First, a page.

Monday 30 September 2013

Bicycling in Ontario –I'll be glad when THAT season is over!

This is so sad. 
Oncoming traffic.
Thankfully, they pulled in somewhat
Cyclists killed on Trans-Canada Highway identified -
 Two cyclists on a cross-Canada trip were killed one July afternoon on Highway 11/17 near Red Rock. A group of 25 cyclists traveling across the country. It was on one couple's bucket list to do so. I can see how it would happen. Drivers get frustrated, they try to pass, and there is a
dangerous situation. They were part of a Tour de Canada.

I have photos of bike riders. We have big bike tours around here, and I've been to council to protest them. They simply do not stop in our towns, they cycle through, causing traffic issues. We need a wide shoulder to accommodate them.

Saturday, on our trip around Ontario, we encountered yet another group of people biking. I just wish they would drive single file. It is frightening to see oncoming cars.

My friend, Norah, reported on another fatality.
Cycling accident claims life of Bracebridge doctor 
Posted on July 24, 2013 by Norah Fountain
UPDATE: July 25, 11:00 AM: OPP Sergeant Peter Leon has confirmed that 67-year-old Gordon Riddle, a doctor in Bracebridge, has died from serious injuries sustained from his cycling accident on Sunday.
Clumping. Cars pulled around them.
Single file, please

Distraction is Deadly from Greg Friese

I love this guy. He's an amazing EMS educator. While he works to improve training of his fellow EMS workers, he improves the safety of the public, as well. Distraction is a scary thing for all drivers, amateur and pro. It's bizarre that we need these kinds of signs. In fact, don't you think it's ignored by those who most need to read them?

Sunday 29 September 2013

Praying mantis was here for a visit

I've been decorating for Hallowe'en, it didn't seem to dissuade the praying mantis!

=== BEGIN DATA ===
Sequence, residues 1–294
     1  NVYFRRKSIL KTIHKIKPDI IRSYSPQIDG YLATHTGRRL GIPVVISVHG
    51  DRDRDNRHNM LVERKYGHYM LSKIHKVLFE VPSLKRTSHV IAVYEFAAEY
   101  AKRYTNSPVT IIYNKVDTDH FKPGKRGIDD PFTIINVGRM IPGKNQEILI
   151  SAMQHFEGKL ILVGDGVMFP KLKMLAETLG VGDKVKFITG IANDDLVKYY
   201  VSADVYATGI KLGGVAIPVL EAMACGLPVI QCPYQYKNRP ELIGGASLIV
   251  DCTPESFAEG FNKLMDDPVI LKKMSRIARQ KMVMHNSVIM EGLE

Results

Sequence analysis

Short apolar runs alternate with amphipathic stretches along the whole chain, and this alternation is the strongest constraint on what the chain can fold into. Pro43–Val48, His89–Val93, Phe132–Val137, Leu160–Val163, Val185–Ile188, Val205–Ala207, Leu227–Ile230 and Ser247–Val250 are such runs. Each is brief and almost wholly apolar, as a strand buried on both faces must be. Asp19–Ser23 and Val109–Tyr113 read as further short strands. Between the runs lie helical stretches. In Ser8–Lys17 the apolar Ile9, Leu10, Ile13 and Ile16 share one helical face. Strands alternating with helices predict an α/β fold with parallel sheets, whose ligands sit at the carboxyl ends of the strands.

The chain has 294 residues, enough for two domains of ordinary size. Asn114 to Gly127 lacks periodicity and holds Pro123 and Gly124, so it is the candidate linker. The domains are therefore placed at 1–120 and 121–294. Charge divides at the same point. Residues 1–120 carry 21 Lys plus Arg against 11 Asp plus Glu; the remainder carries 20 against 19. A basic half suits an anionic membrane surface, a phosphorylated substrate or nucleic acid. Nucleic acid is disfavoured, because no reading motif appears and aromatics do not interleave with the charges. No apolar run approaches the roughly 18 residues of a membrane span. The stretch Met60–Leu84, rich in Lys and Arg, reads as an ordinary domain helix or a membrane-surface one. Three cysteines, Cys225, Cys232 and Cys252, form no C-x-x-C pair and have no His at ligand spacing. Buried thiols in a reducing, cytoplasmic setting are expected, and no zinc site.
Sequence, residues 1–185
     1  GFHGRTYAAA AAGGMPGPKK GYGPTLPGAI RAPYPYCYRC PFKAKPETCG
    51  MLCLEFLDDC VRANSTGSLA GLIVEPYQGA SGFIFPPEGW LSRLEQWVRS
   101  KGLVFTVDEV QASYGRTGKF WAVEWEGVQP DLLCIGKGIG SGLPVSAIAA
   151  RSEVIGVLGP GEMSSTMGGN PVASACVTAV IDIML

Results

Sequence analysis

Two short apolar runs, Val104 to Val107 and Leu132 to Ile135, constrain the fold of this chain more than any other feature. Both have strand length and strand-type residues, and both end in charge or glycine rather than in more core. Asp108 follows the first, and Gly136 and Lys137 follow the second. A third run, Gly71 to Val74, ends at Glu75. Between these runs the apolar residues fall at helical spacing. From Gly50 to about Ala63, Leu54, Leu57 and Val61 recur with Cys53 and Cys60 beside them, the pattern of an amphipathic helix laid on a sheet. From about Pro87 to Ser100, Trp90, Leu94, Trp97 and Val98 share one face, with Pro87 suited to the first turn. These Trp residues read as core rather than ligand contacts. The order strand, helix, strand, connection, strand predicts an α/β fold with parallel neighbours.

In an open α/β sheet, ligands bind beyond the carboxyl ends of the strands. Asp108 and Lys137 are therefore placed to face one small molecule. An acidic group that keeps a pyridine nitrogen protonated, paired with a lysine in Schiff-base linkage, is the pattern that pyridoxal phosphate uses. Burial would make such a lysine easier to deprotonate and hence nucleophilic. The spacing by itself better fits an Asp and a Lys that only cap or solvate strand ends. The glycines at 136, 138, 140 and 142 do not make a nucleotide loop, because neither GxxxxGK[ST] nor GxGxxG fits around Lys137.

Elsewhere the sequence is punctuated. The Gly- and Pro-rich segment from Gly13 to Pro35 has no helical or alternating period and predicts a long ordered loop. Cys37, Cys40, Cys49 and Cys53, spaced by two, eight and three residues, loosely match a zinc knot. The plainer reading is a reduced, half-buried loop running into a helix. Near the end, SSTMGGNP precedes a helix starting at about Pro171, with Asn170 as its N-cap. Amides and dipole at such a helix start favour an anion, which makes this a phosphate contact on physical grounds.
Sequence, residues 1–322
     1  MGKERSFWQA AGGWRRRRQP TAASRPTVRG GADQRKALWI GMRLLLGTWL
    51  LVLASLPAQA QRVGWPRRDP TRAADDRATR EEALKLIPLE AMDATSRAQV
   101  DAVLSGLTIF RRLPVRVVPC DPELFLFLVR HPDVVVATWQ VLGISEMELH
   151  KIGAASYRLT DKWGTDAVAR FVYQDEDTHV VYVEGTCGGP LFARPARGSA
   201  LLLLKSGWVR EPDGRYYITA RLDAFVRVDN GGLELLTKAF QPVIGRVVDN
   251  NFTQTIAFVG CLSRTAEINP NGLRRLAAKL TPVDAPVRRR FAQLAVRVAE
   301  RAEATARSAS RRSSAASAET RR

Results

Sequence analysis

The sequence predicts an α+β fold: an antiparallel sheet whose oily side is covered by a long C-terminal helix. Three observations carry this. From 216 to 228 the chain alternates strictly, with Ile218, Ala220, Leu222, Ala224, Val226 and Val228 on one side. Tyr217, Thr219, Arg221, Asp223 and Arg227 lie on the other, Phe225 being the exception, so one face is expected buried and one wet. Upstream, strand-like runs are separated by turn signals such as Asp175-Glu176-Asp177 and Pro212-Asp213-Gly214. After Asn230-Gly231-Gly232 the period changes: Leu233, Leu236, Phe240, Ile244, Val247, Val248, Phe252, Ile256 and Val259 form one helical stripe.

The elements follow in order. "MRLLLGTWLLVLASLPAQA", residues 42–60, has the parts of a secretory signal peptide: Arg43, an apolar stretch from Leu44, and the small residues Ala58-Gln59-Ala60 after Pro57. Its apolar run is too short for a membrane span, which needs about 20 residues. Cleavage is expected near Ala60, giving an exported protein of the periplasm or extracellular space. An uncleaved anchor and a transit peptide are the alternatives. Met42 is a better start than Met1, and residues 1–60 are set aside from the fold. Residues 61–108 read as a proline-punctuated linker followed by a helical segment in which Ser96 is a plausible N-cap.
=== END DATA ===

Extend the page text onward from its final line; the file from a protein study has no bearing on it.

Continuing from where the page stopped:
This is who I spotted
coming around the corner of the house.
Hubby has this funny streak, and brought home a gift for me from the antique junk store.

 Then, I looked at the door frame...

The last one I spotted was brown.
Whatcha lookin' at, sistah?

I put it on a stick, and into a planter.

It didn't seem too worried.

Praying mantis from Jennifer Jilks on Vimeo.

Following fish around an artificial reef

What an interesting show! Buster came in at 3:55 a.m., and I couldn't sleep.
I turned on my radio, ear bud in one ear.
They were talking about Ph.D. students who were tagging fish on an artificial reef off Sydney's shore.

Which fish call Sydney's artificial reef home?
Offshore Artificial Reef at Sydney Ports

Saturday 28 September 2013

It's that time of year: come on in, goldfish!

Who, me, mommy?
What a job! I drained the pond, since the goldfish weren't inclined to come in from the cold. I couldn't find them.

Using an old garden hose, and that miracle of gravity: hydrostatic pressure, AKA the syphon effect, I got rid of the green water. The algae isn't so bad, it protects the fish from sun, and the osprey that likes to circle above!

The water lily is doing fabulously well, with great leaves and flowers. The fish are doing well, too. I brought in the big ones, a few medium and a couple of smaller ones, just in case the others do not survive the winter!

These fish will be outside for winter!
I wrote a post about caring for goldfish. It's a pretty easy task, but they do poop a lot! Indoors you need a good filter. Plus, they grow to a decent size!

I had great supervisors, two wearing white fur coats and one with
a black coat, although they had a short attention span. Dorah came back with a field mouse and was having a grand time. It bit her on the nose and it bled!
I chucked it into the tall grasses and Daisy found it later. It's ironic, as there are holes in the pond liner from the mice chewing it.
There were three green frogs helping, too. Geraldine Bullfrog heard there was work involved and steered clear of us all day. I haven't seen her in two days. Here is a photo from a couple of weeks ago. 
I'm loathe to use so much water refilling it,
but we had 46mm of rain last week. 
Once I shut it down for the season,
I will soak the pump in vinegar to remove the skunge!

Three babies, plus two shiners!
I tossed them back.

Daisy is keen on the
goldfish coming indoors!

Friday 27 September 2013

On a rainy day: Daisy is on guard

Whilst getting 46 mm rain,
she hides out.
I so love this little cat, now a year old, the 'runt of the litter', she's tiny!